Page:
And yet explicit ideas take on a greater urgency in Bellow than in any other 20th-century American writer I know, because his characters feel the ideas so deeply. Think of poor Herzog, writing his letters to the great dead geniuses of the past, and of the other Bellow narrators looking with such tenderness and admiration at the dynamo minds of Ravelstein and Humboldt. People don’t just think ideas in a Bellow novel; they experience them.
MCC: You’ve had four readings so far, in New York and Cape Cod. Have any readers surprised you with unexpected takes on your work?
Salvatore: I hadn’t expected that there would be such a diversity of opinion about which character was the emotional center of the book. Some readers have told me they identified most closely with Mrs. Marini, the 93-year-old abortionist who I think of as the book’s central figure; others identified with the young father Enzo; others with the Jeweler; others with Rocco, the Christian baker whose faith abandons him.
Whenever I ran aground on a problem I could not solve, a thing or a scene I didn’t know how to characterize or an opinion I felt uncomfortable adopting, I always reminded myself of a piece of advice from the writer Roger Skillings-R.D. Skillings-that I must see as the character sees. That is, to empathize. If this weren’t a moral commandment, it would be a technical one. As Mrs. Marini notes in her cold way: “Empathy was only another shiny tool, like the speculum, for opening up and evacuating.”
That was a sort of first principle, but I didn’t foresee that it would result in characters that were so different from one another and certainly from me.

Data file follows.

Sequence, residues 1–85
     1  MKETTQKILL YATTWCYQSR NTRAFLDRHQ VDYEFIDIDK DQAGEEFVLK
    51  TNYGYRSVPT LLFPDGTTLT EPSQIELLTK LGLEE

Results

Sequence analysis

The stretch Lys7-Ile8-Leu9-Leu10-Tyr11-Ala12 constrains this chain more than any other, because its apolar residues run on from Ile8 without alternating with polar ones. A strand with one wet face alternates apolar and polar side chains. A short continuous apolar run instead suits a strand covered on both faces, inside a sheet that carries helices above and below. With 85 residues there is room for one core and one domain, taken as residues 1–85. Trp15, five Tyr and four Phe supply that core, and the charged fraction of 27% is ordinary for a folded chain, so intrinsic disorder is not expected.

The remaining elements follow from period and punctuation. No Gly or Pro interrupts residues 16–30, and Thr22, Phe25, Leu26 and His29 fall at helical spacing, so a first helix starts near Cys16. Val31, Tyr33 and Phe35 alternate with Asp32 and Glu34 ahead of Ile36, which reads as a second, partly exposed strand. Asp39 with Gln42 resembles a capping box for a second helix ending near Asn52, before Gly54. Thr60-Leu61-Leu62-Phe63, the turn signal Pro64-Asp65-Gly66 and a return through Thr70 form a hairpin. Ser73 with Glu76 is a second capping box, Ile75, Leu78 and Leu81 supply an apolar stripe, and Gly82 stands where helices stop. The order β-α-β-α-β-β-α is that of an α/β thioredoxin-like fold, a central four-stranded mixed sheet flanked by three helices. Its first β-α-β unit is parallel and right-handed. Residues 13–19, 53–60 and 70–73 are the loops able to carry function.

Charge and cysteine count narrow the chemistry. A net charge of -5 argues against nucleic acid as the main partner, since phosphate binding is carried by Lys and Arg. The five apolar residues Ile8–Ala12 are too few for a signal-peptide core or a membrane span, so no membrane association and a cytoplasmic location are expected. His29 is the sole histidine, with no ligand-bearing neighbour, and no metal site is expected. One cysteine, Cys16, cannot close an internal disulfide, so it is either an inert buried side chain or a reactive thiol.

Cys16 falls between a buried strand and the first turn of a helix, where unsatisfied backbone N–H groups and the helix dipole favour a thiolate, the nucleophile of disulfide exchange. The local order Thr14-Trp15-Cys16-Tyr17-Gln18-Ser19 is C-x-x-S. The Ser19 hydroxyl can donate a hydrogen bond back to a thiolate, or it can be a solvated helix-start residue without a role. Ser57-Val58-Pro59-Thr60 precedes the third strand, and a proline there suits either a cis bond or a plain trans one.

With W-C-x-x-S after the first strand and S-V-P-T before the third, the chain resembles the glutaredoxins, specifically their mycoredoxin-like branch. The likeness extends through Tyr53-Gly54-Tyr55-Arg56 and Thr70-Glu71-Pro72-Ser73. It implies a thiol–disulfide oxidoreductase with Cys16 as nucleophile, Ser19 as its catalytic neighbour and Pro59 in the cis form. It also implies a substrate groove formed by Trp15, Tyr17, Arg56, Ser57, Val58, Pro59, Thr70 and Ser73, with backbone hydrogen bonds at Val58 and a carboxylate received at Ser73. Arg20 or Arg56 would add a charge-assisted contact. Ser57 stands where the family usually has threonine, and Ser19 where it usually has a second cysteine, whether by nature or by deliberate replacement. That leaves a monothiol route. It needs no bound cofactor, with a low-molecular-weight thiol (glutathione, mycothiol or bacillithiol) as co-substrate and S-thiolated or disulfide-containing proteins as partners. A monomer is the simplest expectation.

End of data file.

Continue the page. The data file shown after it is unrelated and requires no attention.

My ideal wasn’t that they should all be likeable, but that they should be like themselves.
MCC: Am I correct that this book took over a decade to write? What remains of the original idea, the book you started writing ten years ago?
Salvatore: The finished novel is like a house that stands on the ruins of a previous house that stood on the ruins of another house that was built on a meaningless little patch of ground.
The story began with a speck of observation: the menacing sound of a man’s shoes in a stairwell. Then he gets to a door at the top of the stairs. What’s behind the door? That’s all I had.
I had no pre-existing idea of setting, time, character, plot, theme. I observed and tried to stay out of the way. I didn’t want to impose on the freedom of the characters. At the same time, I was composing a novel, which arranges free action so as to culminate in a way that seems, to some degree, inevitable.
That’s what took so long (it’s all true about the ten years, alas). If a writer makes the characters obey his scheme, the characters lose their freedom and the novel becomes just a confection, an allegory. On the other hand, if the writer exercises no control over the characters’ actions, the novel becomes incoherent. I wanted to create an illusion of freedom in an unfree fictional world.
Which seems to have taken a long time.